After he was denied re-entry to China eight times, Feng Zhenghu lived in Tokyo’s Narita Airport for 92 days in 2009-2010. Now Feng is telling the story of his airport odyssey on his blog, and CDT is translating his account.
This is part 33. Read previous installments here.
Today is December 5, my 32nd day camped at Japan’s doorstep.
I fell asleep at midnight and woke up at 6 a.m. Breakfast today was a small cup of instant noodles and a meat bun. Yesterday a flight attendant from Canada offered me a thermos. At the time I thought that I wouldn’t use it, so I didn’t accept it. But now I’m starting to think that I should have taken it, even though I’m already used to drinking cold water. Now that it’s winter, after all, eating cold food and drinking cold water can lead to stomachaches.
I received an email from Professor Zhou Yicheng, who forwarded me a copy of his essay, “Tokyo Air Mail: Help Feng Zhenghu,” published in issue 199 of Beijing Spring (December 2009). I haven’t been able to get online for some time, so I haven’t been clear on the current state of affairs in the outside world. Reading his essay, though, I was moved to learn about all the assistance that my friends have been providing me over the past month, especially through the Tokyo Air Mail Movement, launched by Dr. Yang Jianli’s Initiatives for China.
The Tokyo Air Mail Movement has not only been providing me with food and daily necessities, but more importantly has awakened the national spirit of the Chinese to sympathize with their compatriots, demonstrating the power of the grassroots organization Initiatives for China.
Yicheng was my philosophy professor when I was in graduate school at Fudan University. When I was considering a doctorate in economic management at Fudan in the early 1980s, Yicheng was already a young and promising philosophy professor with a Ph.D., teaching a graduate course on Engel’s “Dialectics of Nature.” He was always an active member of the various groups and activities which I organized, becoming not only an important mentor but also a good friend. Even before June 4, 1989, he was already living abroad in the Soviet Union as a visiting professor, and later immigrated to the United States. He is now the editor of Beijing Spring, writing under the penname Yayi. He is well-read and a gifted writer, but also exceedingly modest, with a wide circle of friends.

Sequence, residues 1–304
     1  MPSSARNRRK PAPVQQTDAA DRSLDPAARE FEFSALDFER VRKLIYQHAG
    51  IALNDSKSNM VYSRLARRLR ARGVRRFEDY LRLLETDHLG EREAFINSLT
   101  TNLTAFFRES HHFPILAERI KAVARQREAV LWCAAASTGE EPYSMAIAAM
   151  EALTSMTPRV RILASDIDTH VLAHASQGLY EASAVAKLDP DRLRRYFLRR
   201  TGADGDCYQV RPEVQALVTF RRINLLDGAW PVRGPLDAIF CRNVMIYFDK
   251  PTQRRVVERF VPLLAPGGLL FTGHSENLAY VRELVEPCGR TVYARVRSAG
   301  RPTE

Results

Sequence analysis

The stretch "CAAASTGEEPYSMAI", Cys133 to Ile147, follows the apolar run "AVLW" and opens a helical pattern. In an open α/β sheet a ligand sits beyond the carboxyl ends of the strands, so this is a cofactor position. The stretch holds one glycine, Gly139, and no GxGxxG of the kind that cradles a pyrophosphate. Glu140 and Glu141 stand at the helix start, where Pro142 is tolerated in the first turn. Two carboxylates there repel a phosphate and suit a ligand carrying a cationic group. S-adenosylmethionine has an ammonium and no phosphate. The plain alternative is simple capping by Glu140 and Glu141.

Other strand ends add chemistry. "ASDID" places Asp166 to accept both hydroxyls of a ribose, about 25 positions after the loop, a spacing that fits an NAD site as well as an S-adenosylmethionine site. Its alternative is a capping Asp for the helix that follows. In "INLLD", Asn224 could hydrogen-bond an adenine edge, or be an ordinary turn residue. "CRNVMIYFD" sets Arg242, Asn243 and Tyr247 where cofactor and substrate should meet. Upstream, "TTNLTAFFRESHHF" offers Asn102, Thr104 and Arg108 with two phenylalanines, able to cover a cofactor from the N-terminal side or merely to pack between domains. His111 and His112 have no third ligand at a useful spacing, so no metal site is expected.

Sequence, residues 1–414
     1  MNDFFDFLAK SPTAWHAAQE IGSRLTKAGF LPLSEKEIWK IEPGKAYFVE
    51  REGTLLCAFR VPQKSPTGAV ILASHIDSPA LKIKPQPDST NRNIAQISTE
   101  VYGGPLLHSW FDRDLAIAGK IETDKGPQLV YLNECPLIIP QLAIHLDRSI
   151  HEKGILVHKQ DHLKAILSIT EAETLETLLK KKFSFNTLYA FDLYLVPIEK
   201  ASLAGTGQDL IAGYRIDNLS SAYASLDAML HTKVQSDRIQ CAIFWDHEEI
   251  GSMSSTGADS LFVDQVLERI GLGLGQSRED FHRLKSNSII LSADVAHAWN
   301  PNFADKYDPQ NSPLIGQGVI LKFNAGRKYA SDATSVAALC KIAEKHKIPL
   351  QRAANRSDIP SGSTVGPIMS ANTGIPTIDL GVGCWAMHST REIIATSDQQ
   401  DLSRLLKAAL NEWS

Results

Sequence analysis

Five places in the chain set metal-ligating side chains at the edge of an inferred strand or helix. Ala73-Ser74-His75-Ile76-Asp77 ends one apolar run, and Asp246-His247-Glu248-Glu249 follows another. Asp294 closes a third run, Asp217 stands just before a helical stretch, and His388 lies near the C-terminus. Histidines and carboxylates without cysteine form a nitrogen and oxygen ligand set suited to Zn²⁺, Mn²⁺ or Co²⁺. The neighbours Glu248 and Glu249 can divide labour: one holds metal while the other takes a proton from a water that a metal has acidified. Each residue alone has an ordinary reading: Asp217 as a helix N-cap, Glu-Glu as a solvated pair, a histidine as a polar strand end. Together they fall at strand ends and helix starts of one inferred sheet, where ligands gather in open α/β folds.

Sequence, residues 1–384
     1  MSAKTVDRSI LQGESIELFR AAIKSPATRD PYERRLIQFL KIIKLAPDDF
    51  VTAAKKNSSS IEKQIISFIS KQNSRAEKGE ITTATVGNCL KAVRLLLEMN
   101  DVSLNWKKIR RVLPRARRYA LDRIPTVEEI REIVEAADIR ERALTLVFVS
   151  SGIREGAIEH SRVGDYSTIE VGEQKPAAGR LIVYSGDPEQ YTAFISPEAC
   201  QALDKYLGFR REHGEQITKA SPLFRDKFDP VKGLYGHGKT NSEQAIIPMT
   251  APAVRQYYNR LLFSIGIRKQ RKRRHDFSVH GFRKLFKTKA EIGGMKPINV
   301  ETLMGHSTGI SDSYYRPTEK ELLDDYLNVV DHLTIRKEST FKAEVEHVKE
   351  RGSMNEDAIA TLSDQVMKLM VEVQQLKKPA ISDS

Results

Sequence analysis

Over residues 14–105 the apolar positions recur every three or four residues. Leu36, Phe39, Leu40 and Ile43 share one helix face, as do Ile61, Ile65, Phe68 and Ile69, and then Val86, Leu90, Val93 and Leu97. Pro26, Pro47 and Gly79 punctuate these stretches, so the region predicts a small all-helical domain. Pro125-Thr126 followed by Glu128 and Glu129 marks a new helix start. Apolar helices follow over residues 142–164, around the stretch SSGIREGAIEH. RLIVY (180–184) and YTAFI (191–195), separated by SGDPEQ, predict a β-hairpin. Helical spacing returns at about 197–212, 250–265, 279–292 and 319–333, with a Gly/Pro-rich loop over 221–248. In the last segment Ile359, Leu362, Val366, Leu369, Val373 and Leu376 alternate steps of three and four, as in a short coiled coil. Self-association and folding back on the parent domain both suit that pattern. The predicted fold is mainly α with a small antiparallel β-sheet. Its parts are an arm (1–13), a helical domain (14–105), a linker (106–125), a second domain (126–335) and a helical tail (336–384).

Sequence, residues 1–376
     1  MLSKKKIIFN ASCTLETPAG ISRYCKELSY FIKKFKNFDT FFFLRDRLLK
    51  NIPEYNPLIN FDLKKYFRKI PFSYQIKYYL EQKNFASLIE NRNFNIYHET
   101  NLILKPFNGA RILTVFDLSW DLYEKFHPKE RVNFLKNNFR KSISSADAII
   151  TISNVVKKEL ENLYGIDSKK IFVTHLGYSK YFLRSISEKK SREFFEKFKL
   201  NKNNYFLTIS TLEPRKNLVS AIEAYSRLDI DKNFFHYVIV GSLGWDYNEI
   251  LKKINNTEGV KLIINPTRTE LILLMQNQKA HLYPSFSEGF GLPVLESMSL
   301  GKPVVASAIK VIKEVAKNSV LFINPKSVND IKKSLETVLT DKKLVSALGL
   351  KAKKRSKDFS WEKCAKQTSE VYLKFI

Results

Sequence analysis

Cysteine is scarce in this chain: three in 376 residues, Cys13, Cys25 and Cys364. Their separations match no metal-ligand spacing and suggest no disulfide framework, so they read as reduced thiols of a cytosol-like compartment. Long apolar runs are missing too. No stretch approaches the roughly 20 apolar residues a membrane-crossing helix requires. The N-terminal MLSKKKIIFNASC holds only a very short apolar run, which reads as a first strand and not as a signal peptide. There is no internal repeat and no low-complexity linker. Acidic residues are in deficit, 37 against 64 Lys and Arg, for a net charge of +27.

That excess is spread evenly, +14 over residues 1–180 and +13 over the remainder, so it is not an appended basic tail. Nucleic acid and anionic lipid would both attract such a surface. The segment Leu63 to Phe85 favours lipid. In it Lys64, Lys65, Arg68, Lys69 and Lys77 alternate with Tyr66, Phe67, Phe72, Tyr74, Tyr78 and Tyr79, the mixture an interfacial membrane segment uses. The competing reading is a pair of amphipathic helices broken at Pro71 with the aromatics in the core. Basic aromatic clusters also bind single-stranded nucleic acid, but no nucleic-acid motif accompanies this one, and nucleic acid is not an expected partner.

To date, he has penned numerous portraits of famous figures, with several of my own important experiences recorded in his articles “The ‘Godfather’ of Shanghai Entrepreneurs: Recollections of the “Shanghai Development Research Committee’” (China Times Weekly, issue 346, November 12, 1991), and “A Great Miscarriage of Justice in Chinese Freedom of Press: Feng Zhenghu's Lawsuit Against the Shanghai Municipal Press and Publication Bureau” (Beijing Spring, issue 147, August 2005), among others.
On Skype, I ran into the Shanghai author Xiao Qiao (née Li Jianhong), who was also refused entry from Shenzhen in October. Yesterday, after both her passport extension and right of return were rejected, she protested outside the Chinese embassy in Sweden, at the same time voicing her support for me. I thanked her and tweeted an article about her protest in order to encourage people to support her return home.